Beware the inexperienced developer

The last 24 months have shown conclusively which Cape property developers are really professional and which have had too little management and business experience and therefore lack the skills to be developers in more competitive times.

The tough conditions have also shown that there is a wide variety of ethical standards among developers as regards the quality of their projects, whom they employ and how and when they pay their selling agent.

These comments were made by Mike Greeff, Chief Executive of Greeff Properties, a company which has handled new development marketing for some six years.

Praising such firms as Warner Projects, The Leisure Group, DNL, Atterbury, Michael Grant Developments and certain others, Greeff said that they had shown how to cost and control their projects in such a way that they ended close to the agreed completion dates. These developments, he said, are also completed without long lists of snags and with all the contactors and agents paid on time.

Such firms usually worked with reputable, proven contractors and hired good project management professionals – and they appreciated the efforts of their estate agents “out there” in the front line ensuring that their projects are sold and transferred.

By contrast, said Greeff, the Johnny-come-lately brigade, sometimes in development for the first time in their lives, have all too often finished projects 18 to 36 months late – and then still had an unending list of problems to deal with (some of which in many cases are never rectified). In certain cases their projects have never been finished and in one or two instances are in the process of being liquidated, leaving the investors and owners to sort out all the problems themselves.

This type of developer, said Greeff, is inclined to regard the agents’ function as peripheral and to “conveniently forget” to pay the money owed to them and other parties involved. Repeated promises to pay are often made – but seldom honoured. Agencies like his own, said Greeff, have ended up with hundreds of thousands of rands worth of agents’ fees still owing from such inexperienced developers. Fortunately the present economic cycle has made sure these developers disappearing – and this he believes will be a blessing in the long run, for investors, owners and estate agents alike.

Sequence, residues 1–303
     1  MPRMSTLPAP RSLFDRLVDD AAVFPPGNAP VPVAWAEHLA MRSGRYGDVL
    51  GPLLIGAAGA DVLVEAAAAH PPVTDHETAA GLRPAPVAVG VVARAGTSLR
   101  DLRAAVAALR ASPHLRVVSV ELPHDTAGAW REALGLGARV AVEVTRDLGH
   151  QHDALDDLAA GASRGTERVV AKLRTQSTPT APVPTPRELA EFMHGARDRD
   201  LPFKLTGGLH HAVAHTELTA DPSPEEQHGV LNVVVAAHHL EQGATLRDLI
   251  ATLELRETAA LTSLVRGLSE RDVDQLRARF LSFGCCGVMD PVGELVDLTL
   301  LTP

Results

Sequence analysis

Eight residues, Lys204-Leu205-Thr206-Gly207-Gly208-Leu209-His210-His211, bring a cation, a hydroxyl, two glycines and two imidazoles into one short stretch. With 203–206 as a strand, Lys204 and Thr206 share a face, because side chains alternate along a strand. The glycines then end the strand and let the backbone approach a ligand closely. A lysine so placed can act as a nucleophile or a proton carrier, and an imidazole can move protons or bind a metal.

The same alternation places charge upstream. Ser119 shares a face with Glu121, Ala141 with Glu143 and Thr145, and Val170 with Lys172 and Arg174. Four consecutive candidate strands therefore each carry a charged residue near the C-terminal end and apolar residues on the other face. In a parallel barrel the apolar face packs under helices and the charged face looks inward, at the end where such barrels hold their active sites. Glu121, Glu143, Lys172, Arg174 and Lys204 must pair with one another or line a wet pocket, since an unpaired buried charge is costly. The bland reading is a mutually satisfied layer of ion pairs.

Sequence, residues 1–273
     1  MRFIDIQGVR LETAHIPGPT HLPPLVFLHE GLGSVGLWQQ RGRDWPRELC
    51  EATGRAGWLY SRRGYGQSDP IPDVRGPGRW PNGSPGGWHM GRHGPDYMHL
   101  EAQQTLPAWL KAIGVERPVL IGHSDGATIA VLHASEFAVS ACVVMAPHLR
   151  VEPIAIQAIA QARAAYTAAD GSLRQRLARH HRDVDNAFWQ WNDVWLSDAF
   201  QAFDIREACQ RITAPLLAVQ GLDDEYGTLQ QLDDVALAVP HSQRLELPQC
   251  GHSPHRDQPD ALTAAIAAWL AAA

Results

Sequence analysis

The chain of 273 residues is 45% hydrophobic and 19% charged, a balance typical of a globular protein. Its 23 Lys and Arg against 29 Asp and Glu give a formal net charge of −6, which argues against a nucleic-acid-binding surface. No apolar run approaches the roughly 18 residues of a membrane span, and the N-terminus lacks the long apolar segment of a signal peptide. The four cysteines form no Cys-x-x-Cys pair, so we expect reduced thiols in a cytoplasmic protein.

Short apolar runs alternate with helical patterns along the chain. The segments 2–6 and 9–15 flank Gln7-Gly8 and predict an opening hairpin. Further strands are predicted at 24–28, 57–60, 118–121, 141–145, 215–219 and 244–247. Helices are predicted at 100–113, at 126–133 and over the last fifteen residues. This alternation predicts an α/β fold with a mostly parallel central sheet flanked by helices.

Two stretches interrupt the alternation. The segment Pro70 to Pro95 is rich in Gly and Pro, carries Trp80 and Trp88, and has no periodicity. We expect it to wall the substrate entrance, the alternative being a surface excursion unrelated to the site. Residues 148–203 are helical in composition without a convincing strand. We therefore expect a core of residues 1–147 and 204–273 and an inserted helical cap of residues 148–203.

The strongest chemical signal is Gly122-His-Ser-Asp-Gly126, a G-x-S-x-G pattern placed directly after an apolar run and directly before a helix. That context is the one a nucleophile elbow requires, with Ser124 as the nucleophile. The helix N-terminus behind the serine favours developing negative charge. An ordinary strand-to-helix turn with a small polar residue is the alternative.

“What makes the situation particularly frustrating,” said Greeff “is that, it is the agent who in almost every case has to bear the brunt of the criticisms about poor performing developers. The customer never gets the chance to deal one-on-one with the developers themselves as these developers avoid any involvement with their clients.

“Certainly,” said Greeff, “when better times return in the next two to three years and developments start coming off the drawing boards once again, and with other agencies will know which companies to avoid. Let us hope that they do not have the effrontery to set up in business again without making a real effort to first to settle their debts and/or compensate owners for work that they have had to complete at their own cost.”

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